Whether a work relationship or a personal one, keeping that connection takes work.
This past week was a special one for me. My husband, Steve, and I celebrated our 33rd wedding anniversary (I know, hard to believe when I’m only 39, lol).
Commemorating our wedding and marriage gave me a moment to reflect and think about, what is it that keeps people together or rips them apart?
I came up with a list you may find useful. It’s worked for Steve and me for decades and I’m guessing it will work for you too, whether in the workplace or at home.
Remember the please and thank yous.
Exchange common courtesies. It’s as simple as saying please and thank you. For example, when you ask a colleague to do something, say “please”. When they do, say “thank you”.
Steve thanks me for dinner, I thank him for taking out the garbage. We don’t take each other for granted, not even for the routine tasks we do everyday. We catch each other doing things we appreciate and, instead of just feeling grateful, we tell the other person we are.
Who is doing something for you right now that you appreciate? Tell them.
During stressful times, laughing at the ridiculousness of the situation helps you get through it. When it’s something not too serious and you can see the light at the end of the tunnel and it’s not a train, it could be the right time to laugh.
During our anniversary dinner, the manager seated us then we waited 15 minutes before the server arrived, only to tell us that we had to be finished in an hour because they were expecting a big group at that time. Oh boy, didn’t we feel special? Then Steve ordered these special house chips that arrived burned and cold. The so-called gravy on my poutine (I decided to splurge on a caloric treat I seldom get) was disgusting and the cheese was indistinguishable. I didn’t eat them. Steve ordered a salad with ranch dressing. The dressing arrived without the salad. About ten minutes later the salad arrived with another little cup of dressing. We burst out laughing. It was like a scene out of movie, a comedy of errors.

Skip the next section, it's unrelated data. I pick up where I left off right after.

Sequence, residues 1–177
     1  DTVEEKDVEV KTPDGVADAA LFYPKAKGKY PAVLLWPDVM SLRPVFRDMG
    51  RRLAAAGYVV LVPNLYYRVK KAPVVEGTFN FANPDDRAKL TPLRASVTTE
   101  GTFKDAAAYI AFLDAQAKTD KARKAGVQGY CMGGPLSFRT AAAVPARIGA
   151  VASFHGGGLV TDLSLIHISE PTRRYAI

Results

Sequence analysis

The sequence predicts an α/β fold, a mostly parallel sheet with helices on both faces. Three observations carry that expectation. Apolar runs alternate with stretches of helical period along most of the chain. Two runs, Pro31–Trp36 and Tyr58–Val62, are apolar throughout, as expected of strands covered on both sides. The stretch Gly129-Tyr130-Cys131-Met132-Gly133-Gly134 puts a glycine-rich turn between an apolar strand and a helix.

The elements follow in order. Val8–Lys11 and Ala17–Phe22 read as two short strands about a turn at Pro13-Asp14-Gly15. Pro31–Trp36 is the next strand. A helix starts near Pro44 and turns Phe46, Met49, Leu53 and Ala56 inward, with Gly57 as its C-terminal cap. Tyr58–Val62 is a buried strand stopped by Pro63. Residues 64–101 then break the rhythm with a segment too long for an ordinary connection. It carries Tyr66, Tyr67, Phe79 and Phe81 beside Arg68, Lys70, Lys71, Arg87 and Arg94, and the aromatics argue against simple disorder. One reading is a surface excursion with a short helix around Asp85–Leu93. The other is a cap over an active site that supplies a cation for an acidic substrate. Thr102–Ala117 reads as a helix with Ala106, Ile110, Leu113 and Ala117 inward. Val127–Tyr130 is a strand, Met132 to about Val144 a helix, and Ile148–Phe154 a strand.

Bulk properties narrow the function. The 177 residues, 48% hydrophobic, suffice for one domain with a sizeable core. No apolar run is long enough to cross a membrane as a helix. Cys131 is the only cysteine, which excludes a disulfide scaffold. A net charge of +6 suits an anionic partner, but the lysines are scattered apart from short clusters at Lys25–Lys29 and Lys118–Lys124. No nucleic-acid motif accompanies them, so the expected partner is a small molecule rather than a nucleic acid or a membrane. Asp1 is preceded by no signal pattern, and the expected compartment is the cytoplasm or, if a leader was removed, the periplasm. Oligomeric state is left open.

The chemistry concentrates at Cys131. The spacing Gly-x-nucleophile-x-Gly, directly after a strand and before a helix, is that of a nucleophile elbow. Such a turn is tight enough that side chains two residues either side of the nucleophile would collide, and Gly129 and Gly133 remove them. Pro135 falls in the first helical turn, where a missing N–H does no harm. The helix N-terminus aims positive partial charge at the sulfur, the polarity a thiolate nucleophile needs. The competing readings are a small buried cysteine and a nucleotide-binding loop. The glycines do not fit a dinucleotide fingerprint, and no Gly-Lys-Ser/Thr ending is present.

What has gone wrong in your world that you could laugh at now? The shorter time between the event and you finding the humour, the more developed your funny bone (way to go).
Build the trust.
Without trust, there is no relationship. You do business with people you trust to provide the goods and services they say they will, when they say they will. The same is true in personal relationships. Every time you say you’re going to do something, do it. Gaslighting and lying is a surefire way to burn bridges and undermine trust.
Once trust is destroyed it is difficult, sometimes impossible, to build it back again. The scope, depth, and frequency of the deception are variables that factor into the feasibility and time required to mend those fences, if ever.
Building trust means doing what you say you’re going to do. It’s so simple. If you say you are going to call someone at a certain time, call exactly at that time. If you are dropping something off for someone, make sure they get it. When you take on a project and your team is counting on you to finish your piece by a certain date, make sure you do.
Do what you say you’re going to do. That alone will distinguish you from the competition and build your relationships on solid ground.
What additional behaviours have you used to build long-term relationships? Post your comments below in my blog and share your thoughts.
©2023 Marion Grobb Finkelstein (MarionSpeaks)
Marion Grobb Finkelstein
Keynote Speaker / Corporate Trainer / Author
Recipient of APEX “Award for Leadership in Service Innovation”
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